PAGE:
Q. What do you get if you cross a sheep with a kangaroo?

A. A series of far-reaching ethical questions that go to the very heart of modern genetics.

Tut tut if you read that question and thought the answer was, “a wooly jumper”.

Jasmine and John pulled…
…which left Jasmine grappling with a tricky moral dilemma.

Traditional quizzing after dessert…or in the case of the four of us sorely neglected souls…during the dessert.

Colin Stutt again did a warm up game, taking the best jokes from the fringe for the last few years and seeing if we could remember the punchlines or construct good/better punchlines ourselves. I reckon I did a reasonable job on 10-12 out of 30 of them, actually knowing the answer to only a couple.

Mark, the holder of the Ivan Shakespeare Memorial Trophy, naturally led the main event quiz. I’m usually in with a chance when Mark writes the quiz but so are one or two other people. In a close run contest this year:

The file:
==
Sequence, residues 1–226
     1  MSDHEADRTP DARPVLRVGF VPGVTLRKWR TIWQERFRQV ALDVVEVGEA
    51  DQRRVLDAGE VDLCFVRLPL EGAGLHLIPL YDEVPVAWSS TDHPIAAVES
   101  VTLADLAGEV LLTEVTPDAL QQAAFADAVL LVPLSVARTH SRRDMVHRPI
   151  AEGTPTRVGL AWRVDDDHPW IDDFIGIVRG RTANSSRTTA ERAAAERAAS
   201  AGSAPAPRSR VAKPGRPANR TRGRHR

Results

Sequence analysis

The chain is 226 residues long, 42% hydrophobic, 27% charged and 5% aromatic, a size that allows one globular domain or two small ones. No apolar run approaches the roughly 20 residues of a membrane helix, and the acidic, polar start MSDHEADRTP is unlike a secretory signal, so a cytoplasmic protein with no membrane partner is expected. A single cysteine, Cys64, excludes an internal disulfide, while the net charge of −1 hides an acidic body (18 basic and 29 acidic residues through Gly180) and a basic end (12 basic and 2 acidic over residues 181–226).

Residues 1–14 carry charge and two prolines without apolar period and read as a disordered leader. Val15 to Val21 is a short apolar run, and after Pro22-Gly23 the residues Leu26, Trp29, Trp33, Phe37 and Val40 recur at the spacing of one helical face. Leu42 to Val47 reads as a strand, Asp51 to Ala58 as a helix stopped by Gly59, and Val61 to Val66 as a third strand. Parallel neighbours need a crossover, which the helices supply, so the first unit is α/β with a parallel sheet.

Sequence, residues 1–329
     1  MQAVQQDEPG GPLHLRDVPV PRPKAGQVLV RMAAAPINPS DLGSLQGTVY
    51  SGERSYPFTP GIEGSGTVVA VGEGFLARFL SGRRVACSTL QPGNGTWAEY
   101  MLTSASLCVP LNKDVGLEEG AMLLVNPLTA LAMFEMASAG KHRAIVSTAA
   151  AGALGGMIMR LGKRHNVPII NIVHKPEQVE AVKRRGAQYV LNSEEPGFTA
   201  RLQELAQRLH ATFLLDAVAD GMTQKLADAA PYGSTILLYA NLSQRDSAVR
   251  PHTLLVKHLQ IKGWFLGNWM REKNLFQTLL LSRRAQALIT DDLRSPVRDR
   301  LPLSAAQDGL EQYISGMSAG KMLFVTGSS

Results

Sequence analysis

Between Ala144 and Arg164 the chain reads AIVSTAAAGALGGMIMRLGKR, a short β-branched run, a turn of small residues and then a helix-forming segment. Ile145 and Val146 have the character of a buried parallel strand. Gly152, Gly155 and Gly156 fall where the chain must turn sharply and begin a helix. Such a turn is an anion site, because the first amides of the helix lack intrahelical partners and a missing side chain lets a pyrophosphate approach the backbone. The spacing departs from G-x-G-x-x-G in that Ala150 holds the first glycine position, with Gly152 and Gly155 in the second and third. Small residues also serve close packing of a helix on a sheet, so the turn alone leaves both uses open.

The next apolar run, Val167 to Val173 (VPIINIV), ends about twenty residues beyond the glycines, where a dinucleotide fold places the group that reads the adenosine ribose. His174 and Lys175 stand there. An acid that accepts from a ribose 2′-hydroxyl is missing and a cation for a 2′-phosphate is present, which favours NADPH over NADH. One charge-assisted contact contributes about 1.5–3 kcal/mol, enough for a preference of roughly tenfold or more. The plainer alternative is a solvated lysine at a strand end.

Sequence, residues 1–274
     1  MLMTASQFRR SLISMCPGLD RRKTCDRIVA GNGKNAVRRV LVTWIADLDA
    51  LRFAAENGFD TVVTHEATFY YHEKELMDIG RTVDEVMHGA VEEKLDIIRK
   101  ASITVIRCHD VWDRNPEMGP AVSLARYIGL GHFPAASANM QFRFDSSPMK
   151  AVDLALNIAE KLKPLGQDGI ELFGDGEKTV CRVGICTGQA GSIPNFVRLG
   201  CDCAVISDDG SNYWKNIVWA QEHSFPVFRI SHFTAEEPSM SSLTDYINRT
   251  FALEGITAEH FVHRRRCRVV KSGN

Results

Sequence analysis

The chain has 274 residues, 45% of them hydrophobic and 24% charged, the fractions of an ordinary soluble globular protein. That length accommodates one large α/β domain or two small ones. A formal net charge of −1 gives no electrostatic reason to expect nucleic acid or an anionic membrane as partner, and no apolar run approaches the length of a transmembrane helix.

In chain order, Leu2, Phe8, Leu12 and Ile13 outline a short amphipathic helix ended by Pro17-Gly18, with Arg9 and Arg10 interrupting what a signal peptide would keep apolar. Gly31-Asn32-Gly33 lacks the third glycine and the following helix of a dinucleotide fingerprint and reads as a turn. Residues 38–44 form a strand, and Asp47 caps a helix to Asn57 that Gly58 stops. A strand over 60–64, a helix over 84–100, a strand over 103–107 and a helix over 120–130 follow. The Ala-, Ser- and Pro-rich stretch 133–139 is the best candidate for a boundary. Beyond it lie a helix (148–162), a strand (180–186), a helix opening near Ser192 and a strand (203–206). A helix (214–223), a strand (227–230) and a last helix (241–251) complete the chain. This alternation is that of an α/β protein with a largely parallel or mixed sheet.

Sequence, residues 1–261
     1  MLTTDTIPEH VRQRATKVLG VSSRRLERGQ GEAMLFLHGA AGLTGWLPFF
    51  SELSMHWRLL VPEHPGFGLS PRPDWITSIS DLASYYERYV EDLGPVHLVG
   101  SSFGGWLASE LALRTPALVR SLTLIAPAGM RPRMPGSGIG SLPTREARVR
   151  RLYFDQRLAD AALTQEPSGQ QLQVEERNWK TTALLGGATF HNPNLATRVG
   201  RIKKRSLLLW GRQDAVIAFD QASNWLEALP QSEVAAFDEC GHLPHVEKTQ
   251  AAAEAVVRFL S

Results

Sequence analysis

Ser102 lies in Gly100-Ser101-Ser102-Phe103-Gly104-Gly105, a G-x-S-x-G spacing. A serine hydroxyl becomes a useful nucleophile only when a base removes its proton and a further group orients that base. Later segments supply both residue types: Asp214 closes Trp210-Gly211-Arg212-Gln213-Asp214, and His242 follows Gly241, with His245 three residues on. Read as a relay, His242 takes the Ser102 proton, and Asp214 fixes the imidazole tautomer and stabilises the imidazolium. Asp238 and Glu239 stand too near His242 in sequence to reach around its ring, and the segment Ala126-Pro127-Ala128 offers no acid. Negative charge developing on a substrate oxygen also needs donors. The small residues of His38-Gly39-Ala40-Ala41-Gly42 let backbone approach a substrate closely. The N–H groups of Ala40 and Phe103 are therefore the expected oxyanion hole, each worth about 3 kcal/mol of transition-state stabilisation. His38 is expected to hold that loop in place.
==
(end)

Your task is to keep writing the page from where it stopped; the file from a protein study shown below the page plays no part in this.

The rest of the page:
Mark had bubble-wrapped the trophy for safe-keeping…
…let’s hope that Jonny also treats the magnificent artefact with the respect it deserves.

Yes, the place was ridiculously noisy. Yes, the service was poor, except when it was terrible. But at Christmastime, almost everywhere is thus. These Ivan Shakespeare gatherings of good old friends are always lively, witty evenings that make me happy; that is the bit that really matters.

Pickled Herring Of The Year Competition and Other Delights, 12 October 2016

Not all that many people are familiar with the Pickled Herring Of The Year competition. But if you are part of the wider cousin-hood of my mother’s family, in particular the Briegal branch, then you probably know all about it.